Yet India is changing slowly but surely since the "big bang" economic reform of the early 1990s. Today, the economy is poised to enter into a 10% annual GDP growth phase. Foreign multinationals have purchased two of the biggest Indian pharmaceutical companies at record prices, and rather than raising fear, many Indians feel proud that Indian assets could fetch such high values in the global marketplace. The recent auction of third-generation telecommunication spectrum raised a phenomenal $20 billion.
All political parties need to take up this cause. If the political space is legitimately opened up, then the political agenda would have to change too—and then the electorate may inevitably follow. India's free-market liberals then might find their rightful place in the political mosaic of the country. Just as India's diversity has sustained her democracy, political diversity will only strengthen the foundation of the republic.
Mr. Mitra is director of the Liberty Institute in New Delhi and a columnist for
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Our Socialistic Constitution

By Shanu Athiparambath, from his blog here. Also published here.

A writ petition by an NGO challenging the insertion of the word “socialism” in the Preamble to the Constitution was rejected by the Supreme Court on Monday. Section 29 A (5) of the Representation of the People Act makes it mandatory that every political party in India should swear allegiance to socialism. It came into effect through the Constitution (42nd) Amendment Act, 1976. The preamble reads as follows: “We, the people of India, having solemnly resolved to constitute India into a sovereign socialist secular democratic republic.” A political party which fails or refuses to do so will be rejected at outset. Senior counsel Fali Nariman argued that the 42nd Amendment had evolved during the Emergency period, and that it violated the basic structure of the Constitution. Nariman had said before that “It is contrary to the Constitution and to its democratic foundations that political parties be called upon to swear allegiance only to a particular mindset or ideology.” Dr. B.R. Ambedkar had opposed the inclusion of the word socialism in the constitution.

Surprisingly, Justice Kapadia said that till now, no political party had challenged the constitution, and that the Supreme Court will consider it when the time comes. Facts don’t support this statement. S V Raju of the Swatantra party applied for the registration of a political party vehemently opposed to Socialism, and his application was rejected. “Socialism is a form of economic engineering. The grievance in our petition was that the country did not allow us to participate in the electoral process without telling a lie and we did not want to lie.” he said. So much for the claim that the Indian constitution allows liberty of thought, expression, belief, faith and worship! Whatever one thinks of democracy, it should be evident that this decree of the Supreme Court in not compatible with it. In the words of Ambedkar, “What should be the policy of the State, how the Society should be organized in its social and economic side are matters which must be decided by the people themselves according to time and circumstances. It cannot be laid down in the Constitution itself, because that is destroying democracy altogether. If you state in the Constitution that the social organization of the State shall take a particular form, you are, in my judgment, taking away the liberty of the people to decide what should be the social organization in which they wish to live. It is perfectly possible today, for the majority people to hold that the socialist organization of society is better than the capitalist organization of society. But it would be perfectly possible for thinking people to devise some other form of social organization which might be better than the socialist organization of today or of tomorrow. I do not see therefore why the Constitution should tie down the people to live in a particular form and not leave it to the people themselves to decide it for themselves.”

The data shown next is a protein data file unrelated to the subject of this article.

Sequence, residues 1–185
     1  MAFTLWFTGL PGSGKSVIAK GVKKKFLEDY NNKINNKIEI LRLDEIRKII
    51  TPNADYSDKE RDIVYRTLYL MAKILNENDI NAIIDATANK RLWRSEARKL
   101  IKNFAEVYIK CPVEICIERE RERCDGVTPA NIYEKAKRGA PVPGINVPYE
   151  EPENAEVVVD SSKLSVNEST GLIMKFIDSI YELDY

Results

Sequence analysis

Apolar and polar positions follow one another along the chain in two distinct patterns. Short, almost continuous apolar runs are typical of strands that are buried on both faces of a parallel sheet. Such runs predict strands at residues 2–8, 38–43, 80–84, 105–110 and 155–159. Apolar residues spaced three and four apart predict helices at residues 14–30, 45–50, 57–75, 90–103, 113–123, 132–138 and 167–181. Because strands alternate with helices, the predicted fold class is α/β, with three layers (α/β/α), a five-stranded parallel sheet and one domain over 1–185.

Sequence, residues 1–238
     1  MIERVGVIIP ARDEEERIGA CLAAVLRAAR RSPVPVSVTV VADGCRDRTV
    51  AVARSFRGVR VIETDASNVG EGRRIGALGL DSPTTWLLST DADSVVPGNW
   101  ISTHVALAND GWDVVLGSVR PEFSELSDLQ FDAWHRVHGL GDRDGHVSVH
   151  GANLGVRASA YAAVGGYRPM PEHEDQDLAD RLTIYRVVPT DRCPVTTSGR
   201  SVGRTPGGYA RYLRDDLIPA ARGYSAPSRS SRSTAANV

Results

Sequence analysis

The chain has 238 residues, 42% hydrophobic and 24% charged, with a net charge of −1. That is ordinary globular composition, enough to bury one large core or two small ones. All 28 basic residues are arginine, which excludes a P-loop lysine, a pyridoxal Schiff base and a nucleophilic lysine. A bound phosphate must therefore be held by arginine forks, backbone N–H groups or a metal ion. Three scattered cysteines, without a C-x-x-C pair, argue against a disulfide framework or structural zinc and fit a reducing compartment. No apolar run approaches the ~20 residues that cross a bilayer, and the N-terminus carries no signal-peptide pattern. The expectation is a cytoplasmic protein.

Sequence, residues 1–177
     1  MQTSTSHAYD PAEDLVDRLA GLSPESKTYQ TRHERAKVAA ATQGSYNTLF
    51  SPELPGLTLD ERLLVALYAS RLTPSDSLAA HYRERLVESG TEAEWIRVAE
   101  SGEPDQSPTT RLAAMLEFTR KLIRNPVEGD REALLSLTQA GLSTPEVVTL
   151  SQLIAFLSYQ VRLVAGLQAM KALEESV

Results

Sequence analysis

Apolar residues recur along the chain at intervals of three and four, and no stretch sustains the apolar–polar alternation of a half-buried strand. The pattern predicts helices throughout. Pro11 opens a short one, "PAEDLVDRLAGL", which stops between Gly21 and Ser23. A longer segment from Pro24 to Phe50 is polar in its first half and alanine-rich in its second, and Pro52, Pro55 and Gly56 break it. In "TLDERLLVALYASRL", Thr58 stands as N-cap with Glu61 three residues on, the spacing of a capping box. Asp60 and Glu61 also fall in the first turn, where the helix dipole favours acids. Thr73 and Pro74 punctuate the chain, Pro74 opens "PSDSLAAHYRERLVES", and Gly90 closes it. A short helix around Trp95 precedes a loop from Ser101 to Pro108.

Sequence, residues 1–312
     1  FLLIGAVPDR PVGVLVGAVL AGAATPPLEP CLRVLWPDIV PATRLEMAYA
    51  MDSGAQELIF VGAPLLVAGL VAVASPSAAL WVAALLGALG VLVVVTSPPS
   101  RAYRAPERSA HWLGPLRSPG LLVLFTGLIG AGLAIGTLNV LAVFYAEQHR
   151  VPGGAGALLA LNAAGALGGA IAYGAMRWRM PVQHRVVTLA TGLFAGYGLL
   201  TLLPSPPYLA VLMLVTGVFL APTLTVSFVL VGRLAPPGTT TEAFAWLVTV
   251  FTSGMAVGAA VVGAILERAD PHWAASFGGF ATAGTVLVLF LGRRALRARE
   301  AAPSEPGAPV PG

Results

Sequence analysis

The chief justice said this while rejecting a petition in the past: “Why do you take socialism in a narrow sense defined by the Communists? In a broader sense, socialism means welfare measures for the citizens. It is a facet of democracy. It hasn’t got any definite meaning. It gets different meaning in different times.” All this is nonsense. The word socialism has a specific meaning. It is a political system in which all property is owned by the state.  It has always been so. We should take terms in its precise sense, and see it for what it is. If the Supreme Court finds the problem purely academic, they would have no reason to include it in the constitution. The last resort of people who want to debase liberty and freedom of expression is that people no longer believes it these days! If so, why insist that people swear allegiance to it?